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Keywords:

  • thrombophilia;
  • venous thrombosis;
  • pulmonary embolism;
  • cardiovascular diseases;
  • pregnancy complications

Summary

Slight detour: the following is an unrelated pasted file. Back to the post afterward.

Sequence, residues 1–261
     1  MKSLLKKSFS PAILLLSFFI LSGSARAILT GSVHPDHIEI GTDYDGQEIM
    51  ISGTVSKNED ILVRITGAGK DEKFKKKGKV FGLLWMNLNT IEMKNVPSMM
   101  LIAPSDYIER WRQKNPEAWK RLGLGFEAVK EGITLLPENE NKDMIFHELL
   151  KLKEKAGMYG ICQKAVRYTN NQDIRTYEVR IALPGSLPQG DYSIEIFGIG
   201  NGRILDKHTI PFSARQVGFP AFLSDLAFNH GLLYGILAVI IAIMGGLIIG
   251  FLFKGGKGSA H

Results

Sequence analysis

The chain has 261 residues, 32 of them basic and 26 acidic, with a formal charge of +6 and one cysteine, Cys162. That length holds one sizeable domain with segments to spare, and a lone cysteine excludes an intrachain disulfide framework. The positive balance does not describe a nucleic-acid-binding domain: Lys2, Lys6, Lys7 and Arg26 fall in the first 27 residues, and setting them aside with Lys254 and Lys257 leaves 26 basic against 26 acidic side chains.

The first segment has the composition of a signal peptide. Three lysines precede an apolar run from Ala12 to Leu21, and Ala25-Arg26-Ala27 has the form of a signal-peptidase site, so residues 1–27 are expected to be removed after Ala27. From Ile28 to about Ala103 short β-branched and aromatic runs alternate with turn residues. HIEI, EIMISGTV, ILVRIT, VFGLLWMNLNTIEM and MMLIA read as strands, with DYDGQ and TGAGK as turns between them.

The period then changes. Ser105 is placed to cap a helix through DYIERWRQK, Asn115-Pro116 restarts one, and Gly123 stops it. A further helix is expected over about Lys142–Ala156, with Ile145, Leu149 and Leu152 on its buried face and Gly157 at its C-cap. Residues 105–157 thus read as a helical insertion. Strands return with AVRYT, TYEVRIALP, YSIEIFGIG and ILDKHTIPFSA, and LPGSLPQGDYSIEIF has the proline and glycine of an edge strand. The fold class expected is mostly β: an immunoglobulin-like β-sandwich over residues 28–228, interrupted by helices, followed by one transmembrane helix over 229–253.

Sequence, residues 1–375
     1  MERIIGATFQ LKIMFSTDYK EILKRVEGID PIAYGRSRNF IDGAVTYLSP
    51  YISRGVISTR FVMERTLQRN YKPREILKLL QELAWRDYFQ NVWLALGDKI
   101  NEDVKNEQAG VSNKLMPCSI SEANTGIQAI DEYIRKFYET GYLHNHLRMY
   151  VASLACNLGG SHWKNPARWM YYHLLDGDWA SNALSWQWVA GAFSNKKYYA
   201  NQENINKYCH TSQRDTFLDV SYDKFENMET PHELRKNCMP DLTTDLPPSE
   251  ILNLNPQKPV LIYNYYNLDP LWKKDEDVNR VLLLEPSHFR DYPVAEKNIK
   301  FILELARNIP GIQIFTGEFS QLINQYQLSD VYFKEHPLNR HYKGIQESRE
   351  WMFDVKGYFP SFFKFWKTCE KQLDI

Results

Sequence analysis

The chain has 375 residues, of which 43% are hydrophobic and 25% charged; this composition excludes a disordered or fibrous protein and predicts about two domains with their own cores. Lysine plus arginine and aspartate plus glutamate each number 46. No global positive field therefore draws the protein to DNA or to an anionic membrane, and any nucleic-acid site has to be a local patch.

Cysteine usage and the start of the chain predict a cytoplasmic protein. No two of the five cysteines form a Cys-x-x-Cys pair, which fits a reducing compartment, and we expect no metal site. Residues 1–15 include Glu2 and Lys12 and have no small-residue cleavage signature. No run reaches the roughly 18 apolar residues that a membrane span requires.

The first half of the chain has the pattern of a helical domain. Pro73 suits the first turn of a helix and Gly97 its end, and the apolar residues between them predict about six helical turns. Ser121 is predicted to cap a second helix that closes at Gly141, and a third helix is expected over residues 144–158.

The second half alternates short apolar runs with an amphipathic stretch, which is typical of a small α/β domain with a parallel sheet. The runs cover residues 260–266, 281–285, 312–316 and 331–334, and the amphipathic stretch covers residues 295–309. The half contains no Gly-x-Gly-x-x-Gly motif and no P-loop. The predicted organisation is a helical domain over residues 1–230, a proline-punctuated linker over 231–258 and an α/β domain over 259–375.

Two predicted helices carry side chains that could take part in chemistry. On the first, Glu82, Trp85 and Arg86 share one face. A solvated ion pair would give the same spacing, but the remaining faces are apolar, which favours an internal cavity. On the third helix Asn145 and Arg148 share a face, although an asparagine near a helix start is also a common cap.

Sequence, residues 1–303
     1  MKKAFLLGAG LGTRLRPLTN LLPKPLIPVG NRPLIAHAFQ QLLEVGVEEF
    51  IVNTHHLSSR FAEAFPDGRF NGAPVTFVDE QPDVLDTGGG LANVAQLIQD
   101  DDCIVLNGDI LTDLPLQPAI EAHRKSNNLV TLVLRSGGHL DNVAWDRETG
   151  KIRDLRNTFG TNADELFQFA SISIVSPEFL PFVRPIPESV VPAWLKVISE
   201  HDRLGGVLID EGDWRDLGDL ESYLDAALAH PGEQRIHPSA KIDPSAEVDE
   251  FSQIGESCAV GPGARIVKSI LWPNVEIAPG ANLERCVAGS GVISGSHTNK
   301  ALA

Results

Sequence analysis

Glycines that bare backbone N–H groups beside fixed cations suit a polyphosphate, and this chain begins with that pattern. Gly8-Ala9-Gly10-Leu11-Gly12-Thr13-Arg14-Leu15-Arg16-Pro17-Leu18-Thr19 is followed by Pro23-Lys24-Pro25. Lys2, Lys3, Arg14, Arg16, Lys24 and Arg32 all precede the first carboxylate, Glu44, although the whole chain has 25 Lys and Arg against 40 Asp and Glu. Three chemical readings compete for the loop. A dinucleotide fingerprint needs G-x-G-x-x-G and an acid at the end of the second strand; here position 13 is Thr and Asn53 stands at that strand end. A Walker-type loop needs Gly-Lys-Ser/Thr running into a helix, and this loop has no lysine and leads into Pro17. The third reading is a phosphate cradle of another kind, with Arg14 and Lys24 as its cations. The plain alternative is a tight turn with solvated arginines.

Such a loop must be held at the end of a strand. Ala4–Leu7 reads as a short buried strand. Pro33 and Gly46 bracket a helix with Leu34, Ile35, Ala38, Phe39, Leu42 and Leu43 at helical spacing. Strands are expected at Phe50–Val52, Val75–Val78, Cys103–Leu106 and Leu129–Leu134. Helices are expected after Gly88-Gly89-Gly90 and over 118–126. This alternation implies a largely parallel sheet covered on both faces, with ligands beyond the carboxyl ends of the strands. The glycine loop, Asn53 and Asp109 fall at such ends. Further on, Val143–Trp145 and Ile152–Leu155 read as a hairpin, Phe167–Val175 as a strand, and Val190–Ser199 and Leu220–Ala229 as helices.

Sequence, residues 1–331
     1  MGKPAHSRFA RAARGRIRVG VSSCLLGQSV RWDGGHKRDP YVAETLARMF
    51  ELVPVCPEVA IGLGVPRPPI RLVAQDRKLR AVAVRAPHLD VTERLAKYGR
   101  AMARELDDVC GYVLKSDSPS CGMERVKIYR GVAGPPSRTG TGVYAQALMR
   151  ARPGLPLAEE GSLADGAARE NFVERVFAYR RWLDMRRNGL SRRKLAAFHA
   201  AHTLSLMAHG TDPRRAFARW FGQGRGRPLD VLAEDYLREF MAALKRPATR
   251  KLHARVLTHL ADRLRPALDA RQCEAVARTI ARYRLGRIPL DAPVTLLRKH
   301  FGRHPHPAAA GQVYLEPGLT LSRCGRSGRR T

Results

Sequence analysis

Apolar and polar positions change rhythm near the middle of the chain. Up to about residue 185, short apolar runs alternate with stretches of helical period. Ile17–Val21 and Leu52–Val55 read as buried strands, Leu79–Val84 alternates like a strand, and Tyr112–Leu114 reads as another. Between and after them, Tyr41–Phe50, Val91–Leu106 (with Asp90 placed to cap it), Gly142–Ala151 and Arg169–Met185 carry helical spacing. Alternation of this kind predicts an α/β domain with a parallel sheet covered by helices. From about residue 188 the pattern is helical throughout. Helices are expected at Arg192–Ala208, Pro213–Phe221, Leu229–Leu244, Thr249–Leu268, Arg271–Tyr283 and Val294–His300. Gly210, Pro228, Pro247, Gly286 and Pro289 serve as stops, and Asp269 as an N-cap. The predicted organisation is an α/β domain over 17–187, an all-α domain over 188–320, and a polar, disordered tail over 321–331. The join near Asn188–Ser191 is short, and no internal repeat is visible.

Thrombophilia can be identified in about half of all patients presenting with venous thrombosis. Testing has increased tremendously for various indications, but whether the results of such tests help in the clinical management of patients has not been settled. Here, we review the most commonly tested thrombophilic abnormalities, i.e. protein C, protein S, and antithrombin deficiencies, the F5 R506Q (factor V Leiden) and F2 G20210A (prothrombin G20210A) mutations, and elevated levels of coagulation factor VIII, and their association with venous and arterial thrombosis as well as pregnancy complications. We conclude that testing for hereditary thrombophilia generally does not alter the clinical management of patients with venous or arterial thrombosis or pregnancy complications. Because testing for thrombophilia only serves limited purpose this should not be performed on a routine basis.